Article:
Lawrence artist Jim Brothers' mentor once told him to do his best for a commissioned work whether it was for a nickel or $1 million.
In 16 months, Eudora will see his best in a work commissioned for the city's sesquicentennial in 2007.
The Eudora City Council voted at its March 13 meeting to pay Brothers $58,000 to construct a bronze statue of the town's founder Paschal Fish and his daughter Eudora. The statue will portray Paschal Fish holding Eudora's hand when she was a young girl and capture the moment when she learned she'd be the town's namesake.
"You pour your heart out all you can at this time in history," Brothers said.
Brothers said he strives to improve himself with every piece he takes on.
"You never strive to be second," Brothers said.
The city and Eudora Lions Club will share Brothers' competitive spirit and strive to raise the total $75,000 needed for the project.
Although both the city and the organization have been working to raise money over the past several weeks, the finalization of the contract marks the official kickoff of the effort.
"We're hoping community members and clubs will come join us," Eudora City Administrator Cheryl Beatty said.
The fund-raising effort is led by the Lions Club, but the city of Eudora provided the initial $14,500 down payment.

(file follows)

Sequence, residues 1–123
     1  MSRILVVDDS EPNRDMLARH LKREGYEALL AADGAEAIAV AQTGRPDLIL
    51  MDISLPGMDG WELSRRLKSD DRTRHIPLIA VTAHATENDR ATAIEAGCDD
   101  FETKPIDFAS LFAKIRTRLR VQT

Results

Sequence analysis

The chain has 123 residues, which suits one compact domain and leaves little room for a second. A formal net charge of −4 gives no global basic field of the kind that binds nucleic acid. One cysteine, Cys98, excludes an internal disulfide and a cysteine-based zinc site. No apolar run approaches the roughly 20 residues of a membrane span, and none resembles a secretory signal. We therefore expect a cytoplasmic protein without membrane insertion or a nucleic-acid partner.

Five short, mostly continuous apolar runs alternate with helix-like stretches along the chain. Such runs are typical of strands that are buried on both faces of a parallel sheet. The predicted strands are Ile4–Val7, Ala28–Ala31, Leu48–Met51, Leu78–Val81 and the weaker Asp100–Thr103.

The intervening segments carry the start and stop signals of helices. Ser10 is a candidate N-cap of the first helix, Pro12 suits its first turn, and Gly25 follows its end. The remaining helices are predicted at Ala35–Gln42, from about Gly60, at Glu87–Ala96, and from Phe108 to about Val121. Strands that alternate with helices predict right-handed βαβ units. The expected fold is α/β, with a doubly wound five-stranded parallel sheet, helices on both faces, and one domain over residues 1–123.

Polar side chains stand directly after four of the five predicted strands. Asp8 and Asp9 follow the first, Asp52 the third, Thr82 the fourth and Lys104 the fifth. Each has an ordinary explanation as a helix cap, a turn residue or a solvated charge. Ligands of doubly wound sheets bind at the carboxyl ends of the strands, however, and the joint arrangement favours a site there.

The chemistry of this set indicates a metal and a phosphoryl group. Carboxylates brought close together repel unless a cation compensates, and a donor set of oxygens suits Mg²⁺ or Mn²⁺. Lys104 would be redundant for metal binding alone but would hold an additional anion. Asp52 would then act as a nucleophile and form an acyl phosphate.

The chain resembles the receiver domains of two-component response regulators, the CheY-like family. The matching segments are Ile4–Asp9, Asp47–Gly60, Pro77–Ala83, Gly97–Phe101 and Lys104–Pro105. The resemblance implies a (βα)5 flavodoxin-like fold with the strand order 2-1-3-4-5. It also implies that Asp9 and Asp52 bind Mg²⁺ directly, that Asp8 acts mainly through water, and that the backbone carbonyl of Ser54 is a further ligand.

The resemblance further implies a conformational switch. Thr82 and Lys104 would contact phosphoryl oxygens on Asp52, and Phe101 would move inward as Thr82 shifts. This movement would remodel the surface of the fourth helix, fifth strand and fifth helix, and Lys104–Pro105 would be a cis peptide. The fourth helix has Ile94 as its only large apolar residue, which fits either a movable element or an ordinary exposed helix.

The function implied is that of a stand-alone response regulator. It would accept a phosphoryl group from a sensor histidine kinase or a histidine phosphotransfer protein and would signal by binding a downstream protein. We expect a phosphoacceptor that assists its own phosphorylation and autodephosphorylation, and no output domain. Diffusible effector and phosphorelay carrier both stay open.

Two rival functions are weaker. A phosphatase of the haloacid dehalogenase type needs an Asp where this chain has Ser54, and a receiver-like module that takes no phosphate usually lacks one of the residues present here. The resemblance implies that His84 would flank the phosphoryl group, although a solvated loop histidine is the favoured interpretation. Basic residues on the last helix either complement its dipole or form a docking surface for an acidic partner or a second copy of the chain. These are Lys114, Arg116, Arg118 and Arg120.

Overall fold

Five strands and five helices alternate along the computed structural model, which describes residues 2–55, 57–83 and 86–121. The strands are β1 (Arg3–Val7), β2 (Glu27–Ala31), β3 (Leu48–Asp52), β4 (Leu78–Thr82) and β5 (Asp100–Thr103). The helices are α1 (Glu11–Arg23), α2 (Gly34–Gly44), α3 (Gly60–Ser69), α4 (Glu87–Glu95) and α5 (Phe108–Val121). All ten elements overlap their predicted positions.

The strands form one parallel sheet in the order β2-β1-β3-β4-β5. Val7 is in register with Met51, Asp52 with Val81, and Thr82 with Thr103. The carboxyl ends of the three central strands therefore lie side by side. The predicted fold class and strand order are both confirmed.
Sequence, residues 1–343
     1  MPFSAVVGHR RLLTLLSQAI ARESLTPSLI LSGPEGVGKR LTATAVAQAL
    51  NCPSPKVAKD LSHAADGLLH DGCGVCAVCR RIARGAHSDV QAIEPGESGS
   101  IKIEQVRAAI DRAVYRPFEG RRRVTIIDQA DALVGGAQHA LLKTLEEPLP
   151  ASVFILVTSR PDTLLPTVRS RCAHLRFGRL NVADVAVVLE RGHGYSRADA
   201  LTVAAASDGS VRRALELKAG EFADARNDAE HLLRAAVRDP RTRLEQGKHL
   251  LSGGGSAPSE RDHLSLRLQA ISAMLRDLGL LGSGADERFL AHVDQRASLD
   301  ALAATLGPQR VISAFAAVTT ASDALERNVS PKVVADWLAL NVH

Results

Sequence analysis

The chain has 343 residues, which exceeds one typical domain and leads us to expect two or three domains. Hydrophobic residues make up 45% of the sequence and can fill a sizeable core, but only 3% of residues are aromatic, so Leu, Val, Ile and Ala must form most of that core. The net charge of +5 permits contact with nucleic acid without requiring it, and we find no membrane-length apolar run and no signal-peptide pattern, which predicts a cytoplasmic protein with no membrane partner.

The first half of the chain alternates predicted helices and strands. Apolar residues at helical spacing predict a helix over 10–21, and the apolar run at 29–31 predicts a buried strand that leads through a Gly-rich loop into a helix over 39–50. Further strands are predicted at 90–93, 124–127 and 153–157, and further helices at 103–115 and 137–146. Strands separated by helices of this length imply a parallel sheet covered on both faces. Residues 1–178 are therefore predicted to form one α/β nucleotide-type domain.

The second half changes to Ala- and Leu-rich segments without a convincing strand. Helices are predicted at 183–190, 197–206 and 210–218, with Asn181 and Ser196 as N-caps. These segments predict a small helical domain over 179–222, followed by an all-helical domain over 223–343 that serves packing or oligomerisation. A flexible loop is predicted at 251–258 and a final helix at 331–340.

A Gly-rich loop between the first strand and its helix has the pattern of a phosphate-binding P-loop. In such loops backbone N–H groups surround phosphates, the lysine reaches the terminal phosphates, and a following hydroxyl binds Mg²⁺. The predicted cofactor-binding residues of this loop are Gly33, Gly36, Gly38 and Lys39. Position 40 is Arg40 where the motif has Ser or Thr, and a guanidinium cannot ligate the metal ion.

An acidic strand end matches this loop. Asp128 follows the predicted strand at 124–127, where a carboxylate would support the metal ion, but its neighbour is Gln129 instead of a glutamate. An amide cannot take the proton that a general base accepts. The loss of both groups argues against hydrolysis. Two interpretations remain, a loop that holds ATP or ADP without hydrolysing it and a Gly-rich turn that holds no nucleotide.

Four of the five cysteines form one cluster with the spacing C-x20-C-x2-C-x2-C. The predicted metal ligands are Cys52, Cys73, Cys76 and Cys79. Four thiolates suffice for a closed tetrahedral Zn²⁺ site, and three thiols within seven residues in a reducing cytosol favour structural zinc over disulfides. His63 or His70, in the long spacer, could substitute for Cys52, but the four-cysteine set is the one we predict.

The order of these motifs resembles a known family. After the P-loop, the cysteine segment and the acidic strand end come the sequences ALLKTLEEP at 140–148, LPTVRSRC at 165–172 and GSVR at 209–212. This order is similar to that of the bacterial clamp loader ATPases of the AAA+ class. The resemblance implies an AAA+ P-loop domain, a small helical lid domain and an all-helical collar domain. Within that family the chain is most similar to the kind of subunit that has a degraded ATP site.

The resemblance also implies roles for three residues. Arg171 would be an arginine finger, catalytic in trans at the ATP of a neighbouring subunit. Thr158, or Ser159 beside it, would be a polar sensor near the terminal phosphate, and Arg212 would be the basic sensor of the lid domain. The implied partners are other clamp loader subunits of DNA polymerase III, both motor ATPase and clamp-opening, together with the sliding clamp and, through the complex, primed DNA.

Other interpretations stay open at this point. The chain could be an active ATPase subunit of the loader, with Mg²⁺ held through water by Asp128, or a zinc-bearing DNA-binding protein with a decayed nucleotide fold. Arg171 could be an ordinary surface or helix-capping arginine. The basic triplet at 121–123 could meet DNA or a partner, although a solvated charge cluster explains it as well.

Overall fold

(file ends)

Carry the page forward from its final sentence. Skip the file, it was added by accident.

The city and Lions Club will make three more payments over the course of the statue's creation.
"(Brothers) says he likes that because it gives us the chance to raise the funds as we go along," Beatty said.
The major fundraising mechanism will be a brick sale. For every $50 brick sold, the Lions Club will donate $10.
"We hope the brick sale goes well," Beatty said. "It's a way to have people's names memorialized."
With order forms for the bricks being proliferated across the city, organizers look to attract larger donations as well.
Residents or businesses donating more the $250 will have their name placed on a bronze plaque that will be mounted on the statue, Beatty said.
The brick and plaque might bring in the most money for the organizers, but the fundraising effort will have a much larger breadth.
Local businesses like Gambino's Pizza will set aside times to donate profits to the project.
The city has been donating proceeds from salvage work and has even turned to the eBay Web site to sell extra goods to earn money.
As the year goes on, community events will be scheduled to raise more capital for the project.
Lions Club member Tom Tucker has worked to bring the Tonganoxie opry act Annie's Country Jubilee in for a benefit show May 12 at the Eudora Middle School.
"We've really tried to schedule something every month," Tucker said.
The school district will also help raise money to bring Paschal and Eudora back.
"I think it's important as far as the school district is concerned to help educate the students about Eudora and its history," Eudora schools Supt. Marty Kobza said. "I think through that process allowing the students to get involved in some fundraising activity will be an important part of that."
Kobza said viewed the Eudora statue project and sesquicentennial as being more than a one-day project.
"It's an opportunity to get involved to create some of the history themselves by fundraising for the statue," Kobza said.
History is core to the Lions Club and city effort too, Beatty said.
"As we go along through the project, we hope to educate people about Eudora's history and to move the project forward," Beatty said.